Interview: Gemini Club


A constant presence in the local music scene here in Chicago, Gemini Club have carved out a niche for whipping crowds into an excited, dancing blur in no time flat. This, combined with their notable prowess as a live act, has gained them recognition, as did their 2009 EP Future Tidings. At this year’s North Coast Music Festival, Heave got a chance to talk with the trio about their tech setup, some of their more unconventional show venues and more.

Heave: I’ve read a lot about your live show setup, and how it allows you to improvise as you go. What went into that idea, and can you talk a bit about it?

Dan Brunelle: It’s something that I really, really care about. We use Ableton Live, but we really try and commit to it in a way I think a lot of bands don’t. We process everything that we do through our laptops, so the guitar, my vocals, Tom’s vocals, everything. It allows us to do things that you would only hear a DJ be able to do, but we can do it on an actual human being.

From glitch effects to the looping, our gear list is like…we have a couple of boutique-y controllers, Gordon uses an APC-40 for all of his launches, everything that he does. We only push play once, and there’s nothing lined up ahead of time, so every sample, every bit of audio you hear is actually performed and launched and controlled in pretty small segments. We’ve been using a lot of touch screens; the iPad is a great, great controller. It’s something that I’m passionate about, and that we’re really passionate about.

Your name seems to be appearing constantly on local lineups. Any venues you haven’t hit yet that you really want to?

Tom Gavin: The Aragon Ballroom and the Riviera Theatre. Other than that, I think we’ve been everywhere…

Gordon Bramli: We haven’t played Subterranean yet.

Dan: Or the Beat Kitchen. I’d really like to play Subterranean, I like the venue.

Tom: And we haven’t played the Double Door. Which is weird, because we’ve played Debonair like four times now.

Gordon: We’re always playing across the street.

It almost sounds like you’ve missed the small venue part and jumped right to the bigger places.

Tom: (laughing) No, not true! When we first started, we really wanted to play the Hideout. I don’t know why that was the chosen venue, but we were just hell-bent on playing there. We played a ton of small gigs. One time we played Weeds, over on Clybourn and North Avenue, we played in somebody’s house, in their living room…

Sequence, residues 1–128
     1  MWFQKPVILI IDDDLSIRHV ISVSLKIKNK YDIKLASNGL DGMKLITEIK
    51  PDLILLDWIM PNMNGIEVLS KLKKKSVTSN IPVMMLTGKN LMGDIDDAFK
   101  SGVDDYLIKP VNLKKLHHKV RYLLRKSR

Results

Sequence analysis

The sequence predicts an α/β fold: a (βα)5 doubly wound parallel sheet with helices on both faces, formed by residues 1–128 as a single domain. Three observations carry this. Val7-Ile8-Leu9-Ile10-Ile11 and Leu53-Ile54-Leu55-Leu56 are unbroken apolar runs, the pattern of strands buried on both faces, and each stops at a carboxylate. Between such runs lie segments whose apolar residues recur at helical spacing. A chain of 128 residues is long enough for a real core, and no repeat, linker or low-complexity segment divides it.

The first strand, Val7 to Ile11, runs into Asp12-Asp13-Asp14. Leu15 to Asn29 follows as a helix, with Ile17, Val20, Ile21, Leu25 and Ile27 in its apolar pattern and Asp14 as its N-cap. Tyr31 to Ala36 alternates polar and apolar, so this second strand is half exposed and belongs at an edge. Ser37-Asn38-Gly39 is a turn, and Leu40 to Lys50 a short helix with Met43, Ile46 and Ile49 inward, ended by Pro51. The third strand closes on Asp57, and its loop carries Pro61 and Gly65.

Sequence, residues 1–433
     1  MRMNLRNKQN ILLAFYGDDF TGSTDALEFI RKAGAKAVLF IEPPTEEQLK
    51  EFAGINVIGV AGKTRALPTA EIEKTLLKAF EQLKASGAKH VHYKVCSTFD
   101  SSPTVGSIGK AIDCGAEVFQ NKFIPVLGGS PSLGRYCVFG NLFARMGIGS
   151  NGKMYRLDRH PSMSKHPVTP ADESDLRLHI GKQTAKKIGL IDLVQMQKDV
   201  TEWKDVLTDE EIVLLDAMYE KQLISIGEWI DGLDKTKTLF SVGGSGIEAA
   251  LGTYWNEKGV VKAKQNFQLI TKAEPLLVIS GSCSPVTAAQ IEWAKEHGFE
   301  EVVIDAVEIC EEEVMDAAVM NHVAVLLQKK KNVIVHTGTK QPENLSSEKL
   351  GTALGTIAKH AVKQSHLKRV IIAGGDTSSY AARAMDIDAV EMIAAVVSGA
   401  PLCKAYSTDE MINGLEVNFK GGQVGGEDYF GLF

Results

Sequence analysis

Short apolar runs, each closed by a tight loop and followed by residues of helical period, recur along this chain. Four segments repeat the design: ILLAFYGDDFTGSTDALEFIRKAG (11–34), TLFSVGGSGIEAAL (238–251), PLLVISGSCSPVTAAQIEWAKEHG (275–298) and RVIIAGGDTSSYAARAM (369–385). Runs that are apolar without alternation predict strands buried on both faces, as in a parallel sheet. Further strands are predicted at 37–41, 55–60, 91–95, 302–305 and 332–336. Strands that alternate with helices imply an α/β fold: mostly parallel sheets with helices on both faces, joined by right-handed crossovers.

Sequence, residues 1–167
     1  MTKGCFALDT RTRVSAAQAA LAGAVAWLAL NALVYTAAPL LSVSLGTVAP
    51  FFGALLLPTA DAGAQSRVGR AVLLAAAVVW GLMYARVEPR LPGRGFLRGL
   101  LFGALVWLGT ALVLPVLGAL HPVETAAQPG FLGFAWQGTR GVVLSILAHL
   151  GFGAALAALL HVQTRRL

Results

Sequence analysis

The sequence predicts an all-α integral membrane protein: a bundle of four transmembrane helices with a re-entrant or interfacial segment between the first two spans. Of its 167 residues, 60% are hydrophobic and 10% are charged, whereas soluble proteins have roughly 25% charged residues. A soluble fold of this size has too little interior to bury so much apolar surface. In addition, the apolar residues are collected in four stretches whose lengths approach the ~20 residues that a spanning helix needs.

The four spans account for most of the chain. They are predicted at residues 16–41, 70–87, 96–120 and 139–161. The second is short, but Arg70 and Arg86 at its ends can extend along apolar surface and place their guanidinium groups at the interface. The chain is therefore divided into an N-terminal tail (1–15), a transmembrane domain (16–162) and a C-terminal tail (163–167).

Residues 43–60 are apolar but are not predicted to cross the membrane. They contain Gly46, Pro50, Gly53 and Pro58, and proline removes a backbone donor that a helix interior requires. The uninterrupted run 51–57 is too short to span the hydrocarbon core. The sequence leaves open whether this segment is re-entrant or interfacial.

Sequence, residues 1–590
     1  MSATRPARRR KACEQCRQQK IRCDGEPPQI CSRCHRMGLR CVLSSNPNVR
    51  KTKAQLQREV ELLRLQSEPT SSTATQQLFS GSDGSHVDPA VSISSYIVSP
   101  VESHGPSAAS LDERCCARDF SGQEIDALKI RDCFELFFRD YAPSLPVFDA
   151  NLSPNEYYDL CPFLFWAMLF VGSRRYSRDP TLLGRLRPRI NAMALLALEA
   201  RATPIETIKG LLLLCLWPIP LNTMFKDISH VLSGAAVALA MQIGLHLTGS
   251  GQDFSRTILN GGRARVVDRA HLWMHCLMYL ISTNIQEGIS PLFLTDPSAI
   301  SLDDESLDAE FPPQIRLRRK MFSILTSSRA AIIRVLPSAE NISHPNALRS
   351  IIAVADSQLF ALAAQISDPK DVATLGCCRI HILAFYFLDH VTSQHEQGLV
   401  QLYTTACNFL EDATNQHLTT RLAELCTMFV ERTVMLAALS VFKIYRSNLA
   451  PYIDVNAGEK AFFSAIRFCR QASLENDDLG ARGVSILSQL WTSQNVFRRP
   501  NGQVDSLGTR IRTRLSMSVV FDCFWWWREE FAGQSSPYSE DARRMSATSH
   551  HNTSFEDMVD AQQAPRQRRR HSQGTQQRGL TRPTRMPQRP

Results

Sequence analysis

Gordon: We played in a kitchen.

Tom: I think we’ve been in more than one kitchen.

Gordon: (laughs) I know one of the kitchens was bigger than the other.

Some kitchens are superior to others?

Tom: For musical purposes, indeed.

A lot of your stuff is really danceable. What’s some other music you guys typically get down with?

Dan: What’s weird is that Gordon, he’s like the dance music man, but really, lately I haven’t been listening to much. I really love that SBTRKT record, love James Blake. I think that Little Dragon record is really good. I love Tokyo Police Club.

Tom: I can’t get over the LCD record [This Is Happening]. LCD is a huge influence. And I can’t get over Teen Dream by Beach House. It’s so good.

Dan: The thing is, with us is we want to be a band, and we want to make good songs. Everything else is really secondary with us. We’re not your standard producer and DJ, where it’s mostly about production chops. We like noise, we like dirt, we like things coming off as raw and unpolished, you know? That’s something that, as an electronic band, we think is really important. I feel like technology’s getting to a point where you’re performing in the moment but it feels electronic, and that’s what we’re really about, trying to push it off the grid.

Your EP [Future Tidings] was received really well. Any plans for a full-length?

Tom: We’re in the studio right now, actually. At present we have four, five new songs in the works, and we’ll be releasing a new EP in February. That’s our target date.

Dan: We’re thinking Valentine’s Day. The difficult thing about being in this band is that we play live a lot, and we switch things up a lot, and we’re always tweaking what we’re doing. So if we have a show, we take around a week to set up the show, so we’re not recording. And when you have a heavy live schedule like we have, it’s hard to record.

Tom: The new material is great. It’s a little more live instrumental. Gemini Club is all about danceable music, with a heavy focus on melody and a keen focus on production. With dance, it’s so easy to do the same things and sound like a lot of others.

What do you have planned for the rest of this year, into next year?

Dan: We’re trying to do some out-of-town gigs, and we’re headed to Springfield, we have a gig in the works in Miami…

Gordon: South By Southwest.

Dan: Yeah, we’re going back, it’ll be our third year down there. Really, the focus is on getting in the studio.

Gordon: We’ve gotta make a record.

Tom: (laughing) We have to make a record.

You can find more about Gemini Club at their FM page, or follow them on Twitter at @GeminiClub.